Of all the very stupidest things to become an election issue, and to even sink the political fortunes of the social democrats, when there are so many other serious problems that need to be addressed, controversies about women wearing the niqab is about the stupidest imaginable. Unbelievable!
The bigotry here is astounding, but the Conservatives, having politicised the issue and even expanded on this “dog whistle issue” so much that even a Red Tory like Danny Williams has dissed Mr. Harper for being “borderline racist“, while New Democrat leader Tom Mulcair, having taken a very principled stand in favour of the woman’s right to wear the niqab, has lost political favour with large parts of the public. This is insanity.
And it’s in this context and mood that you have to appreciate Ira Wells’ observations in The Guardian about the “politics of paranoia” as the political “pornography of the contemporary Conservative” that has become the new normal of Canadian public discourse, which even the Canadian Jewish News finds unsettling and disturbing about the Conservative’s dog-whistle politics surrounding the niqab issue.
The lop-sided view of this is that the niqab is a symbol of the oppression of Muslim women by Muslim men, and that banning the niqab is “emancipation” from “barbaric cultural practices“. So, it comes as a shock to the true believers in the emancipation narrative when Muslim women themselves, like Zunera Ishaq, defend their right and freedom to wear the niqab and even take the Harper government to the Supreme Court over the issue as being a violation of the Charter of Rights.
She won. Good for her.
Let’s try to deconstruct that whole “emancipation” bullshit which, I believe, is really a disingenuous cover-story for bigotry and racism.
The niqab has a practical history and also a symbolic one. For a desert people, it was like the scarf Canadians wear in the winter. In this case, a defence against the elements — sand. Arab men wear them too, or hasn’t anyone noticed that it has become a part of traditional costume? That’s the functional aspect of the niqab.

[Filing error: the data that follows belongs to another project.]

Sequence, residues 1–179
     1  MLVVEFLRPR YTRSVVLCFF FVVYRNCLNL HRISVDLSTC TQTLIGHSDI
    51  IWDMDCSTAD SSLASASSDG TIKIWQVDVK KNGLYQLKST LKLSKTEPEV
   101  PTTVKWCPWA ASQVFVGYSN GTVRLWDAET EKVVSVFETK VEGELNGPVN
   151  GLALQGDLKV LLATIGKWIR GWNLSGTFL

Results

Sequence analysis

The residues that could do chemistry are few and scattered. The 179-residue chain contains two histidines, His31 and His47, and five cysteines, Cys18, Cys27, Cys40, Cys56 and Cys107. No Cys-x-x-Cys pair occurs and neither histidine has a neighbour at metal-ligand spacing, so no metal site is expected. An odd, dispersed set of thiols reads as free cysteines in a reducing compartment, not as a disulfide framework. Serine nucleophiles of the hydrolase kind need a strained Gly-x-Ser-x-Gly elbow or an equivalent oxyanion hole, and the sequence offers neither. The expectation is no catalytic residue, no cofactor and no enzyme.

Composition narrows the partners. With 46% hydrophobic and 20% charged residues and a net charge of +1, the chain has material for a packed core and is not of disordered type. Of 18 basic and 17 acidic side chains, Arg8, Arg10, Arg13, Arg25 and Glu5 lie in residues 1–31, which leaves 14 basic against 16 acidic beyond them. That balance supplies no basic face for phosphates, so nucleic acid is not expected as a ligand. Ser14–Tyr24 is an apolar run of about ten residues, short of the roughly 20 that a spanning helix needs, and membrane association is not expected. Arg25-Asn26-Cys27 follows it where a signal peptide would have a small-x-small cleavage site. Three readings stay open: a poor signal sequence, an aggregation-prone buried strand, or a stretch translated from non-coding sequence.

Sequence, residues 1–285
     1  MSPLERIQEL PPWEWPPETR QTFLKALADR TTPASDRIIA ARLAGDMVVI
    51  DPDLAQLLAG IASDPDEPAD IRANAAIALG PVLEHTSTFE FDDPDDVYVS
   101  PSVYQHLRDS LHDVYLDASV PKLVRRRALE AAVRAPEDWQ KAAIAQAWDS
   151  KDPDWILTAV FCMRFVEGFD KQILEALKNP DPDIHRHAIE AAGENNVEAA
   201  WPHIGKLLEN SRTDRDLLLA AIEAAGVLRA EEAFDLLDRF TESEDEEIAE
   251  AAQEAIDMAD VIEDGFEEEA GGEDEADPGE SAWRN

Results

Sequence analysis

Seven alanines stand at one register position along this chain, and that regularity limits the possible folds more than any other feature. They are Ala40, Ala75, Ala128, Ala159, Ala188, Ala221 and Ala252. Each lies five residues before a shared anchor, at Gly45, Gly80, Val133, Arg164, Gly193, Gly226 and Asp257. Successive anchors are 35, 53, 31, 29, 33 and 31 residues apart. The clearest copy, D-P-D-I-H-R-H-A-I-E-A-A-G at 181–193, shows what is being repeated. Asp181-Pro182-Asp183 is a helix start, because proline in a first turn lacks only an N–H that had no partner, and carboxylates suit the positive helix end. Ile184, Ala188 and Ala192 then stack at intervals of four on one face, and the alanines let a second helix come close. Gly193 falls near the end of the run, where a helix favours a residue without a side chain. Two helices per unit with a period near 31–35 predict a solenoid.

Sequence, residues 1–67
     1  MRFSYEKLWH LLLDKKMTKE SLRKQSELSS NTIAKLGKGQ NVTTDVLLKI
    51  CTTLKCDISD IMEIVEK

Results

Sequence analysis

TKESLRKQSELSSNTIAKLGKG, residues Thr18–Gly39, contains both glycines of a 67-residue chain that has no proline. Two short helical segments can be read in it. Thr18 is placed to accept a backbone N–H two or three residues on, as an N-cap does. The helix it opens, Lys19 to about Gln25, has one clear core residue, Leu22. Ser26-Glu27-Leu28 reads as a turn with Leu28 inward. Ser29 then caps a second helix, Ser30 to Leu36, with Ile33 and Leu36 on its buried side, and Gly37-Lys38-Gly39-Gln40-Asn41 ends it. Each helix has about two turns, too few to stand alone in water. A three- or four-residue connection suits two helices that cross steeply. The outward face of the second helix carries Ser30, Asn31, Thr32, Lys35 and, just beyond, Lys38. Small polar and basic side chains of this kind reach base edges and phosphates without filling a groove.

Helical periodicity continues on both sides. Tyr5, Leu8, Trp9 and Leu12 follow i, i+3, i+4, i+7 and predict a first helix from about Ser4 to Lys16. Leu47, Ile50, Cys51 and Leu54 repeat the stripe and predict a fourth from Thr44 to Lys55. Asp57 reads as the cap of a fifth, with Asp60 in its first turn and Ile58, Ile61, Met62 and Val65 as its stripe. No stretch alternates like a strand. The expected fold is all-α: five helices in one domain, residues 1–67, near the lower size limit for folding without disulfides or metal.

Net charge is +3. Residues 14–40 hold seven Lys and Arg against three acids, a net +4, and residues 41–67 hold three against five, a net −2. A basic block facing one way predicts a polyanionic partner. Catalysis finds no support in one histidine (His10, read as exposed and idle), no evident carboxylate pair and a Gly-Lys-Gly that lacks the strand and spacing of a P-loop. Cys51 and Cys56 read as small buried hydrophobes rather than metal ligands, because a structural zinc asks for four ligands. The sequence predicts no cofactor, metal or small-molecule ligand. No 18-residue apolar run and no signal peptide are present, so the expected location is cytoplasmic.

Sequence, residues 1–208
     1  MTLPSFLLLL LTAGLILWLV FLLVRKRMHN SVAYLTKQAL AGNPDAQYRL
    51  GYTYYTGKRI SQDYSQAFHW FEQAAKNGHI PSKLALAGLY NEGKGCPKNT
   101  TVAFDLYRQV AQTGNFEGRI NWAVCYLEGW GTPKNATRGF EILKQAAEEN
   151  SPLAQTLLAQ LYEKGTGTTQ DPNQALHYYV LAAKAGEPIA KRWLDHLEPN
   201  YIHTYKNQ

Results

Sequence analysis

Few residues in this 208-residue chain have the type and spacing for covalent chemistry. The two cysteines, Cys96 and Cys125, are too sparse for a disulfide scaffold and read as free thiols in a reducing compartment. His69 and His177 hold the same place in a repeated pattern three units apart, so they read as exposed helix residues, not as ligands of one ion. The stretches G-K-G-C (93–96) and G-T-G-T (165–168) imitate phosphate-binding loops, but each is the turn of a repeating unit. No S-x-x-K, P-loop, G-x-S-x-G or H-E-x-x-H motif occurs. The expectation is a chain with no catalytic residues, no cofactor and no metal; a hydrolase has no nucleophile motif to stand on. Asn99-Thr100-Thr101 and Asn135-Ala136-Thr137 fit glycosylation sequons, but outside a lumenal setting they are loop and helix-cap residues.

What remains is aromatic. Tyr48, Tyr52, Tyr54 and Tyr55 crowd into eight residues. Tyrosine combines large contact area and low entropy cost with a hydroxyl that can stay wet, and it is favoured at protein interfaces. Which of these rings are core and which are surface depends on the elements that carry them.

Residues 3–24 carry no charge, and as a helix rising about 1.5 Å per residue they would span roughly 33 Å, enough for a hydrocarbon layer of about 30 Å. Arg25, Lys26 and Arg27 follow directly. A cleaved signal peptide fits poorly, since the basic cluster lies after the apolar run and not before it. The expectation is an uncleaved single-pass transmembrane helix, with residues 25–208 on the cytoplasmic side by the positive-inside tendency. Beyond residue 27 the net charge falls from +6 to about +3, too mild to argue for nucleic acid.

The other aspect of the niqab is symbolic. It’s an expression of modesty, but in connection with that, a barrier against the pressure of the sexually aggressive and greedy male gaze. Is it any coincidence that the most vocal critics of the niqab seem to be men? The niqab also serves to blunt that aggressive gaze. And as some Arab and Muslim women have said — they feel naked, exposed and vulnerable without their niqab, for that very reason.
This has a very long history, too. As best as I can determine, the niqab, as symbolic form of the veil, began when Mohammad, during his exile at the oasis of Medina, erected veils in his household to protect the privacy of the women, because Muslim men were entering his household — probably a tent — freely at all times of the day and night and catching the womenfolk in various stages of undress.
Niqab, in that sense, means protection. Not only, as earlier, from the desert sands, but from the aggressive and greedy male gaze that wants to sexually possess.
And inasmuch as this is the motive for women wearing the niqab, the “emancipation” narrative is complete bunk, although I’m all for the woman’s right to choose whether to wear the niqab or not to wear the niqab. If the woman feels exposed, uncomfortable, and vulnerable to the sexually aggressive male gaze, by all means — wear the niqab. But it should be the woman’s choice and no one else’s, least of all the State.
It’s really the male ego that needs to be “emancipated” from its lustfulness in terms of the acquisitive desire to possess sexually, isn’t it?
The “barbaric cultural practices” tip-line that Mr. Harper and his Conservative Party are proposing smacks of the political snitch culture of totalitarian states — the network of neighbourhood informants on those who are deemed politically incorrect or ideologically deviant. This is just more wedge politics and “the politics of paranoia” leading towards a snitch culture. There are already laws in place, and report lines for breaking those laws, that cover anything that might be deemed “barbaric cultural practice”.
The whole thing smacks of creeping fascism.